Recommended reading on the Nationale Volksarmee & GDR

Discussions on other historical eras.
ColdWarVeteran
Member
Posts: 9
Joined: 29 Jul 2011 16:06
Location: Houston, Texas USA

Re: Recommended reading on Cold War History

Post by ColdWarVeteran » 29 Jul 2011 16:21

Halberstam and Miller's books are recommended reading on the Cold War. Another good source of information is COL David Hackworth's ABOUT FACE, which covers his service during the 40's - 70's until after the Vietnam War. This provides a superb insight into one Cold Warriors service.

JD
Member
Posts: 92
Joined: 18 Nov 2004 06:10
Location: Australia

Re: Recommended reading on Cold War History

Post by JD » 16 Sep 2011 12:16

Here are some I'd wholeheartedly recommend:

"One Day in a Long War" by Jeffery Ethell and Dr Alfred Price

Image

"Air War South Atlantic" by Jeffery Ethell and Dr Alfred Price

Image

"Sea Harrier over the Falklands" by Cdr Nigel "Sharkey" Ward

Image

"The Cold War: A Very Short Introduction" by Robert J. McMahon

Image

"Espionage" by Ernest Volkman

Image

"The Wall" by Christopher Hilton

Image

"The Berlin Wall" by Frederick Taylor

Image

"Spies Beneath Berlin" by David Stafford

Image

For anyone interested in things like Able Archer 83, there are some published papers which not only describe the event but give an excellent understanding of the era:

"One Misstep Could Trigger a Great War" by Nathan Bennett Jones

http://tiny.cc/e2u4t

"A Cold War Conundrum: The 1983 Soviet War Scare" by Ben Fischer

https://www.cia.gov/library/center-for- ... source.htm

I have also heard that Reagan's memoir "Ronald Reagan: An American Life" is worth a look but I have not read it myself.

JamesL
Member
Posts: 1647
Joined: 28 Oct 2004 00:03
Location: NJ USA

Re: Recommended reading on Cold War History

Post by JamesL » 16 Dec 2011 16:41

Westmoreland: The General Who Lost Vietnam by Lewis Sorley PhD.

I am halfway through this book. It is painful to read. Like they say "Had we known then what we know now..."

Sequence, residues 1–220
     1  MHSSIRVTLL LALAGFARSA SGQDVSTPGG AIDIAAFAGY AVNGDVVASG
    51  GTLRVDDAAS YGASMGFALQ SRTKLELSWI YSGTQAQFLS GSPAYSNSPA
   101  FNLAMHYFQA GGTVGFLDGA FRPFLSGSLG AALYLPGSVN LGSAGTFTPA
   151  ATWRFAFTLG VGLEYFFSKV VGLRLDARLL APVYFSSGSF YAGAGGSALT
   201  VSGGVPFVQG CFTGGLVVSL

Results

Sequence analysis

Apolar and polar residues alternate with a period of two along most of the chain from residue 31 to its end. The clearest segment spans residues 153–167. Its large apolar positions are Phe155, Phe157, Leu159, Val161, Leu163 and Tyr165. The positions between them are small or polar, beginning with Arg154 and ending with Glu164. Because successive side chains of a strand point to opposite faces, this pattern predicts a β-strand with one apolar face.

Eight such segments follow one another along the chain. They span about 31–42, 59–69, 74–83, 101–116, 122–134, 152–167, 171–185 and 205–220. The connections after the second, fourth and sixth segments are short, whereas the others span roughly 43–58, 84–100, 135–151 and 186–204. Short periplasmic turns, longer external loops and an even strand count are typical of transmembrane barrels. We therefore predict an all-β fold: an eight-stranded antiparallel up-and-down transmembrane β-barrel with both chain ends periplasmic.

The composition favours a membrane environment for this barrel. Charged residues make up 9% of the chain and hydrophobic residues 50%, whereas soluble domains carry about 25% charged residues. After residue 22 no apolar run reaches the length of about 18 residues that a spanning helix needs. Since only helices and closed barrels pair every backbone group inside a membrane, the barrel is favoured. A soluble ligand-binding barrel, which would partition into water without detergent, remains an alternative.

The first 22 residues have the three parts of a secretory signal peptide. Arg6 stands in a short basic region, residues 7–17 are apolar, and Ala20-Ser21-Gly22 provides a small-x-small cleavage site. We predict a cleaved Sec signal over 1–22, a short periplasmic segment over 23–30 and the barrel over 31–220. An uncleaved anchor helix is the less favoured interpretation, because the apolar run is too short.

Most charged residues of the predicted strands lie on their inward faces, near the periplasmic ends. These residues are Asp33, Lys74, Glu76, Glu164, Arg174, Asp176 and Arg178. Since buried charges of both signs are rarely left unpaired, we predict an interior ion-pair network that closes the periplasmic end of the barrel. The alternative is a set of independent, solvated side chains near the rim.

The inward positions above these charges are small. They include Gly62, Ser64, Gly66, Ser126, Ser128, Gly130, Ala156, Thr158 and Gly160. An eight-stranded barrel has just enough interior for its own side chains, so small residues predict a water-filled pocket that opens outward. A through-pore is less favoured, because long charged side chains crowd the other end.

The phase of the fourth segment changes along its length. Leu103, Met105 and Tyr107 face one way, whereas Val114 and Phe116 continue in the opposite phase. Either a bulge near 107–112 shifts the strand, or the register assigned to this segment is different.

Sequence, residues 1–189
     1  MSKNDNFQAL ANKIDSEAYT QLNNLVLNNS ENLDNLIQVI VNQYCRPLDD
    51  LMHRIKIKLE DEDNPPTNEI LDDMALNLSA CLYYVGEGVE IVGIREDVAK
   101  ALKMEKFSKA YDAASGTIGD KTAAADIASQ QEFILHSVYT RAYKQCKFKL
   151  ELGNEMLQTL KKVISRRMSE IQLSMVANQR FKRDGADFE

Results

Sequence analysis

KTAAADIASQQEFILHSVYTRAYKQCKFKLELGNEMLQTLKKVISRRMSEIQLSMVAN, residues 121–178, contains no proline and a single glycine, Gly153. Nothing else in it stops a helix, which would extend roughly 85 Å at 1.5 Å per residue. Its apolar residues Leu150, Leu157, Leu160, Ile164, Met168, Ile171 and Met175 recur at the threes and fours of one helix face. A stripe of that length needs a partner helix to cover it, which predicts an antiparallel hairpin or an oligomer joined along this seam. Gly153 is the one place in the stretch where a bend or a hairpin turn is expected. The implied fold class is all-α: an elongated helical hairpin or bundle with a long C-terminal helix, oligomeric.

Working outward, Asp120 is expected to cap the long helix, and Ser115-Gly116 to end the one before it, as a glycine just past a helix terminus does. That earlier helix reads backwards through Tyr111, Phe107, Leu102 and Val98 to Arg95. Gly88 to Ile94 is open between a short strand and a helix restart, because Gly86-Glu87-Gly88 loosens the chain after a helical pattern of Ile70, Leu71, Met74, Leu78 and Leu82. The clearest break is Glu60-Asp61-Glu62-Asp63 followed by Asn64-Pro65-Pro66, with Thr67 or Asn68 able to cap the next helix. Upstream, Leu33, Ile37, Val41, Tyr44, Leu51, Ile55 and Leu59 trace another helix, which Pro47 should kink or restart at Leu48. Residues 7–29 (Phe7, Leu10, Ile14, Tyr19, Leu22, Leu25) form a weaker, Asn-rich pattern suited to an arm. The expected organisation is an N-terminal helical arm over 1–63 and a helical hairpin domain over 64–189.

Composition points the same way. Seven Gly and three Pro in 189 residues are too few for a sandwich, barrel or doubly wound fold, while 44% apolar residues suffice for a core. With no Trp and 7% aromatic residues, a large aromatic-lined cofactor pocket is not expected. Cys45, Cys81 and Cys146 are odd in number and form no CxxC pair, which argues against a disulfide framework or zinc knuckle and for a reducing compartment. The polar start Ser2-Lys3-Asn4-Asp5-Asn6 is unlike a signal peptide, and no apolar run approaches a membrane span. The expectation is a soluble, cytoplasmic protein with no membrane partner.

I remember many of the incidents discussed but am gaining a better knowledge of what was going on in the background. The comments of his contemporaries, the generals who worked alongside him, are cutting.

Four star rank and a graduate of USMA, he never attended any advanced Army school such as Leavenworth or Carlisle. He obtained a certificate in mess hall management from the Cooks and Bakers School. He spent 3 months studying at the Harvard Business School where, apparently, he learned those damned metrics...kill ratios, body counts, rounds per day per artillery tube, per centages of observed hits, and so on.

Four stars and he knew nothing of armored doctrine or the use of helicopters in combat operations. Mortars confused him.

Like I said, painful reading.

tonyp
Member
Posts: 17
Joined: 11 Jan 2013 03:19
Location: Florida, USA

Re: Recommended reading on Cold War History

Post by tonyp » 16 Jan 2013 20:22

It's not a new book, but as a newer member here, I know the "recommended reading" threads have been a great help to me. In order to pay it forward, here's my Cold War recommended reading.

One of the densest books I've ever read, but if you're interested in the Cold War, particularly from an espionage point of view, The Sword and the Shield: The Mitrokhin Archive and the Secret History of the KGB by Christopher Andrew and Vasily Mitrokhin is absolutely phenomenal.

The first 8 chapters mostly deal with the KGB's roots in the Cheka through the end of WWII, as well as the rather interesting backstory of how Mitrokhin was able to get all of this information out of the country.

The book is organized from there on mostly by region, then chronologically. It takes some getting used to and a lot of referring to the index when you forget what a certain codenamed agent did 3 chapters prior, but it's a great resource anyway, in my opinion.

Chapter 9: From War to Cold War
Chapter 10: The Main Adversary: North American Illegals in the 1950s
Chapter 11: The Main Adversary: Walk-Ins and Legal Residencies in the Early Cold War
Chapter 12: The Main Adversary: Illegals After "Abel"
Chapter 13: The Main Adversary: Walk-Ins and Legal Residencies in the Later Cold War
Chapter 14: Political Warfare: Active Measures and the Main Adversary
Chapter 15: Progress Operations: Crushing the Prague Spring
Chapter 16: Progress Operations: Spying on the Soviet Bloc
Chapter 17: The KGB and Western Communist Parties
Chapter 18: Eurocommunism
Chapter 19: Ideological Subversion: The War Against the Dissidents
Chapter 20: Ideological Subversion: The Victory of the Dissidents
Chapter 21: SIGINT in the Cold War
Chapter 22: Special Tasks: From Marshal Tito to Rudolf Nureyev
Chapter 23: Special Tasks: The Andropov Era and Beyond
Chapter 24: Cold War Operations Against Britain: After the Magnificent Five
Chapter 25: Cold War Operations Against Britain: After Operation FOOT
Chapter 26: The Federal Republic of Germany
Chapter 27: France and Italy During the Cold War
Chapter 28: The Penetration and Persecution of the Soviet Churches
Chapter 29: The Polish Pope and the Rise of Solidarity
Chapter 30: The Polish Crisis and the Crumbling of the Soviet Bloc
Conclusion: From the One-Party State to the Putin Presidency: The Role of Russian Intelligence

Return to “Other eras”